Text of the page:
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David Sparks Ph.d Alpaca Update
by David Sparks Ph.d, click here for bio

Program: Line on Agriculture
Date: September 12, 2019

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September 28 and 29, alpaca business owners throughout North America will celebrate the 12th annual National Alpaca Farm Days. Alpaca Owners Association, Inc. (AOA) invites you to visit participating member farms and ranches during this fun-filled family event. Alpaca owners will open their doors to the public to meet their alpacas and learn more about these inquisitive, unique animals, the luxury fiber they produce and why the alpaca business is perfect for environmentally conscious individuals.

 

While most alpaca farms welcome visitors throughout the year, National Alpaca Farm Days are sure to include special activities, live demonstrations and educational opportunities for the entire family.

 

For a complete list of participating farms and ranches, visit www.AlpacaFarmDays.com.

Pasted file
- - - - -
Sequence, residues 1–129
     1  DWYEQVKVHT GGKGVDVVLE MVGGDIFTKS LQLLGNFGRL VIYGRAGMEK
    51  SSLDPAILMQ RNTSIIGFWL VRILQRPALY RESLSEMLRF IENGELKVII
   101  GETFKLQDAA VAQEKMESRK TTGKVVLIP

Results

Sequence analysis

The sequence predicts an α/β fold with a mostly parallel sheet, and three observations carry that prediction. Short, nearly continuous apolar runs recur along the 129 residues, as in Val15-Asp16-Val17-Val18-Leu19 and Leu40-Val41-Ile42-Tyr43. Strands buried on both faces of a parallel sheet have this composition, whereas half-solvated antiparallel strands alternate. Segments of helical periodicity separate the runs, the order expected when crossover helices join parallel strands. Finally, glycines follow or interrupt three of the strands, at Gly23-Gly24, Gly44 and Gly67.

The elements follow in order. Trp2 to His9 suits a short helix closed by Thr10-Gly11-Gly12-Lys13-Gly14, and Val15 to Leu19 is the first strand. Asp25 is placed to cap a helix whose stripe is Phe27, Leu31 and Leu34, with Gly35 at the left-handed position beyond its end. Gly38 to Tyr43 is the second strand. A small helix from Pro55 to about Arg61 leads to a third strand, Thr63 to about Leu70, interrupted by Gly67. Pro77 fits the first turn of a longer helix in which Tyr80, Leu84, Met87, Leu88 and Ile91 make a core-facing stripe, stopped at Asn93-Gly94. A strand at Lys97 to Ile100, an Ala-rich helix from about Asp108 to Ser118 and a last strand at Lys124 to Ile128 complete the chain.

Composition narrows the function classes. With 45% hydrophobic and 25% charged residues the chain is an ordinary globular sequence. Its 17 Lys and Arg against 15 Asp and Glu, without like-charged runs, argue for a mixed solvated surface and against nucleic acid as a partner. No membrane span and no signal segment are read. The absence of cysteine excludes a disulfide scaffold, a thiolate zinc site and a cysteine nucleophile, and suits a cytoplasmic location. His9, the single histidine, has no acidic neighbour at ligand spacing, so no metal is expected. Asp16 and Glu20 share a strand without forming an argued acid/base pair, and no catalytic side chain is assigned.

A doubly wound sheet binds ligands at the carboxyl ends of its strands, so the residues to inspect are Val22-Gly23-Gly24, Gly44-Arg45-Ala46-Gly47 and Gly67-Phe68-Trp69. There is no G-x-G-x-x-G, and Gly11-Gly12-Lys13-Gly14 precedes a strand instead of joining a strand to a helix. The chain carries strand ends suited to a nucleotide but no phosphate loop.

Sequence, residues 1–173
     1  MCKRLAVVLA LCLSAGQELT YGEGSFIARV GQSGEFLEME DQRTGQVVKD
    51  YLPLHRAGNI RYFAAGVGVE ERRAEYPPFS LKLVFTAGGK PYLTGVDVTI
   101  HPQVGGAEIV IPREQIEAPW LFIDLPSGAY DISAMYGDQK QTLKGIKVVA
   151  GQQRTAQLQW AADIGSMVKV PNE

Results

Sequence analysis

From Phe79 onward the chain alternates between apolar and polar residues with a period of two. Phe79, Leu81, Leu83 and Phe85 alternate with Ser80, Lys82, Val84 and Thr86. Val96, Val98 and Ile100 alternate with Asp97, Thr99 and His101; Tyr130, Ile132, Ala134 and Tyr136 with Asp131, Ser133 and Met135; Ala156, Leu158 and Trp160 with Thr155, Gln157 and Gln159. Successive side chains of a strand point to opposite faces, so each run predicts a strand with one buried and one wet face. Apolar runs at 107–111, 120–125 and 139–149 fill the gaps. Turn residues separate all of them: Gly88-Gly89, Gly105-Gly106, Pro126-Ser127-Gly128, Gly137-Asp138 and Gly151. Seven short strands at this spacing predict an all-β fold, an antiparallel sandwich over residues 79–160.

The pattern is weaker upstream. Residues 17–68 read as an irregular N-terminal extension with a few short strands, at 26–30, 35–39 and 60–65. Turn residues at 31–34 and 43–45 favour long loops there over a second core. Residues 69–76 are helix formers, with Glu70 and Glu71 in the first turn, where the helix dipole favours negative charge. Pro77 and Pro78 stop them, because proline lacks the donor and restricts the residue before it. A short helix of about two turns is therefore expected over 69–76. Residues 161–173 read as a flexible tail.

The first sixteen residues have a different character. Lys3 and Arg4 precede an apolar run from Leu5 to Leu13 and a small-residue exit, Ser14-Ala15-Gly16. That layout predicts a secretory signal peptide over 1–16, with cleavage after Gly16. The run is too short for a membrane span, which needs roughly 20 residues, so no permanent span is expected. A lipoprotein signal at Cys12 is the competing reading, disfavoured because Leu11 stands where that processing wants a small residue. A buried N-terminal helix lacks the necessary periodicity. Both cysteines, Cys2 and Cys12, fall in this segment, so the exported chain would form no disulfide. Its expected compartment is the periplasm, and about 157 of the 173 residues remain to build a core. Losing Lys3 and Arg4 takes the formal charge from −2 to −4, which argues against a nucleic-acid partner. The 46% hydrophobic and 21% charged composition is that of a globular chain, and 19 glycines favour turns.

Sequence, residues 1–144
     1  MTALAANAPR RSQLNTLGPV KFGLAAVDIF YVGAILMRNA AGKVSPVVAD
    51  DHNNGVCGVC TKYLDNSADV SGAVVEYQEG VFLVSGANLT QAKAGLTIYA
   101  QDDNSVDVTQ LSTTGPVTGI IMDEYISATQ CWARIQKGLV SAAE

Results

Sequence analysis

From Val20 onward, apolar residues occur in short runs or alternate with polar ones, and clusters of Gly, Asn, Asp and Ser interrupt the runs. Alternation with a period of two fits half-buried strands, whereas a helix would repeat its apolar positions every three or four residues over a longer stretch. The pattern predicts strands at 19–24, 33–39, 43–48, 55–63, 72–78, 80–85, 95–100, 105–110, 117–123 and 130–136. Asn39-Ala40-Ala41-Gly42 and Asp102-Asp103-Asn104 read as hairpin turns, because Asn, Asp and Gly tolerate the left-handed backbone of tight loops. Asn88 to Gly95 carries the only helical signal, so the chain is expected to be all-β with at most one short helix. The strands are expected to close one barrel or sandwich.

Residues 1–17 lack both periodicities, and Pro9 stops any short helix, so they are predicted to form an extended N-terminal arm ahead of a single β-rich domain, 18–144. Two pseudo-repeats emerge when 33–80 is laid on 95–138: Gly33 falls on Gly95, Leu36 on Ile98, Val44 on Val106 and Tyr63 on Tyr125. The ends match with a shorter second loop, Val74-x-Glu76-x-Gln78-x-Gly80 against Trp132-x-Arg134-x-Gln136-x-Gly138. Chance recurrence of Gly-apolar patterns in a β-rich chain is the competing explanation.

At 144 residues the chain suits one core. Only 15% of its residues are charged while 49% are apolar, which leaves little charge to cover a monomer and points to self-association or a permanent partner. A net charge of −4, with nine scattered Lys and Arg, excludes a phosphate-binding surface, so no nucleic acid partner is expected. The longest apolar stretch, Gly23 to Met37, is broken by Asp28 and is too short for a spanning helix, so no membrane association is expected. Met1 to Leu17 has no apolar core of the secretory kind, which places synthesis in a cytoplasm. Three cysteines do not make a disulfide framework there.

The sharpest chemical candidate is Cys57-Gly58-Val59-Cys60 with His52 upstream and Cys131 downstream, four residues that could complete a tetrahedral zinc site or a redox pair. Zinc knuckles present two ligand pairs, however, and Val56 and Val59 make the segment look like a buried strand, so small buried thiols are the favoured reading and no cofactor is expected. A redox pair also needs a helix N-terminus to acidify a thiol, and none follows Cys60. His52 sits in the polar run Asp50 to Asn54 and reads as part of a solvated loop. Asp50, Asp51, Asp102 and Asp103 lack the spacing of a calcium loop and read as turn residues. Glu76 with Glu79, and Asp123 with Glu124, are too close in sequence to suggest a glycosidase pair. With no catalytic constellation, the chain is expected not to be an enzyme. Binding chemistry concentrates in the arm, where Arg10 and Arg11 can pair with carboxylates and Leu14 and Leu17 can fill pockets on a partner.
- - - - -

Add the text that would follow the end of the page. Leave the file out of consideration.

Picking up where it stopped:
Mark Niemeyer, owns Gem State Alpacas and has a herd of 53 alpacas. He talks about some of the products and benefits associated with these animals that originated from South America. "Either selling it raw, then take it and process it on a more commercial level or have it spun into yarn and focus on the people in the cottage industry, the fiber arts that love using this will either blended or straight to produce product. There are certainly other benefits to the alpaca that most folks don't think about. The manure is very pH neutral. We have folks to come out and pick up loads to use in their gardens. It doesn't burn like you see in the higher nitrate manures. In the US, something that is not talked about a lot, but there is certainly a meat market for certain animals that are called from the herd based on their quality, or there are too many males that are just not breeding males. We are very select in who we determine is going to be a breeding male. You move those to 4-H kids so that they can get involved with alpacas. We do cull our herd just like any other livestock industry. What does the meat taste like? It is most like beef. Just like lamb, you use a lot of loins and chops but it taste mostly like beef.

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